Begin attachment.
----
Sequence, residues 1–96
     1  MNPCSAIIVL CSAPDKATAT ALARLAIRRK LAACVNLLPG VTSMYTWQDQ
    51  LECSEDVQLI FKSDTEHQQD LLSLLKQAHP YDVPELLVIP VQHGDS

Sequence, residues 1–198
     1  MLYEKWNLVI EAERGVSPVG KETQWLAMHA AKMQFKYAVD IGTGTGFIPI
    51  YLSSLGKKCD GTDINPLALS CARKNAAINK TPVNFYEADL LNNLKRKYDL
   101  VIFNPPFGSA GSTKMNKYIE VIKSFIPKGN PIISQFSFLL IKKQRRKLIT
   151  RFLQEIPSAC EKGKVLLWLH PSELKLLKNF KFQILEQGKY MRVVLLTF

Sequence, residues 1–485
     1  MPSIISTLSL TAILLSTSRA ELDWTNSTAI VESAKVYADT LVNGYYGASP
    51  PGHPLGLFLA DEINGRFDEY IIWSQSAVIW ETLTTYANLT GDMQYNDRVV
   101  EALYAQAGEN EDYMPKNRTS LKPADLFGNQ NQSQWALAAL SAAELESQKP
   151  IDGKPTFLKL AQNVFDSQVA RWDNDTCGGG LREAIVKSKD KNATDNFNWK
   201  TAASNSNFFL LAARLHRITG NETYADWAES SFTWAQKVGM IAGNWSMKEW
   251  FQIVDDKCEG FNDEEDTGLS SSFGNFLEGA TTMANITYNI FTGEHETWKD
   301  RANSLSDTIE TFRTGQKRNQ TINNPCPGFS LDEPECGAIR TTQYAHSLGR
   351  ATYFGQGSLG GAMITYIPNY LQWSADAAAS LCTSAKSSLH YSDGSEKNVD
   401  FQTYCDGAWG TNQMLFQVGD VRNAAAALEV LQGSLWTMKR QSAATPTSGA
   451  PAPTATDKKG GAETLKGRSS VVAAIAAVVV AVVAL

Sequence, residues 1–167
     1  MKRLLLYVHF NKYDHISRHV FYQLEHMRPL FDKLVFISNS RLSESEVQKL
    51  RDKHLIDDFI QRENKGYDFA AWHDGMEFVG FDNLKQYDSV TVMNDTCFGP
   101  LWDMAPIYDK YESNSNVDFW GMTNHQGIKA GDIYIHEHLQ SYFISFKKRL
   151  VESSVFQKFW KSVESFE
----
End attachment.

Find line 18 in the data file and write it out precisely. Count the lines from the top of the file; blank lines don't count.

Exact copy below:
   401  FQTYCDGAWG TNQMLFQVGD VRNAAAALEV LQGSLWTMKR QSAATPTSGA